tutor2u | Evaluating Neo-Marxist Views on Education

Study Notes

Evaluating Neo-Marxist Views on Education

A Level
AQA, Edexcel, OCR, Eduqas

Last updated 26 Nov 2019

In this study note we briefly explore some potential evaluation points on neo-Marxist views on education.

One potential problem for all Marxist theories of education is that people who work in education are famously left-wing biased (!) and often got into education specifically to do the opposite of what they are accused of in these theories. Many teachers give their reason for joining the profession as being that they wanted to make a difference.

However, the neo-Marxist argument that this is often about processes that happen unconsciously or semi-consciously rather than Althusser-style brainwashing seems more credible. While schools might be full of teachers who encourage their pupils to challenge and question authority and who are highly critical of aspects of capitalism and bourgeois society, those same teachers might easily unconsciously assume pupils with a working-class habitus and who always speak and write in a restricted rather than elaborate language code are less able, less engaged, less interested or making less effort.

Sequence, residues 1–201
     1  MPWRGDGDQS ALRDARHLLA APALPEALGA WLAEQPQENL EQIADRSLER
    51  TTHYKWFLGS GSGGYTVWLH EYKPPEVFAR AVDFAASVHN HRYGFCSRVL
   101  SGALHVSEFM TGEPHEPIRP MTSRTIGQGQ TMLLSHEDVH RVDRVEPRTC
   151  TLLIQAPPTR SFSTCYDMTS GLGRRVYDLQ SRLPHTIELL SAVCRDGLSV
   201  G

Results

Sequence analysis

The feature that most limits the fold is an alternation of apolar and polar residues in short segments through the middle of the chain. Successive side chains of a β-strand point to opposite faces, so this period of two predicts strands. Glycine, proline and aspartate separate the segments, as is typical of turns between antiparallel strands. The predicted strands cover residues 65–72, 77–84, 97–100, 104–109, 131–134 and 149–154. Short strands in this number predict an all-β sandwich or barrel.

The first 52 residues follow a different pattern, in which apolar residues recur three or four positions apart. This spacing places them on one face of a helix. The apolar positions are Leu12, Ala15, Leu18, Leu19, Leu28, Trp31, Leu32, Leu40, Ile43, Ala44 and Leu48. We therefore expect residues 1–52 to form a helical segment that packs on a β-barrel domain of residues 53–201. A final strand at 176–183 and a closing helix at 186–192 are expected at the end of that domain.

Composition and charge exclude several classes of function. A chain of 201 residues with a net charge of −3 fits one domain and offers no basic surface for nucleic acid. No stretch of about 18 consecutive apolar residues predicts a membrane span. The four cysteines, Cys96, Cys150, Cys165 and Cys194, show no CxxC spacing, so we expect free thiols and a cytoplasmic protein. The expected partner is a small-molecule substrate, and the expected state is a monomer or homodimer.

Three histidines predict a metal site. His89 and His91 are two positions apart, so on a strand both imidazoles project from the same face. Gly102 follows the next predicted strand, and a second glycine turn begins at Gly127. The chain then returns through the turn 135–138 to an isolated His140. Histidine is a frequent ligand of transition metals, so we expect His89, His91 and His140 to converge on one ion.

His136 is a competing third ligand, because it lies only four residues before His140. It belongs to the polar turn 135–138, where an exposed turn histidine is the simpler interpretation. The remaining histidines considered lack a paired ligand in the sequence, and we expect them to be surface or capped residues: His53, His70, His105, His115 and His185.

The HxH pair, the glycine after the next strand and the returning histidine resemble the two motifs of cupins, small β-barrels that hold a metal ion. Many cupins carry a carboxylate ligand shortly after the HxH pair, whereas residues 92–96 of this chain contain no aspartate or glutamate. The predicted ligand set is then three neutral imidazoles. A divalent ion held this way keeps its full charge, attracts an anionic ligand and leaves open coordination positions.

However, school teachers come from a wide range of social backgrounds. As the percentage of pupils from a working-class background going on to university degrees has increased, so the number of teachers from a working-class background has also increased, and these teachers will recognise working-class habitus and should understand issues relating to language codes. However, some would argue that, whatever someone’s background, by the time that person is working as a teacher they have become middle-class and will have adopted a middle-class habitus. However, if this is the case, then that suggests it is less deeply-ingrained than Bourdieu suggests.

Interactionists would argue that what is being described here is teachers and pupils constructing meaning from their interactions and, while social class is clearly a key factor, social actors have agency to respond to one another in these ways and not driven by the fundamental structures of society. Many neo-Marxists would have some agreement with this, showing they do not fit neatly into a structure/action macro/micro typology.

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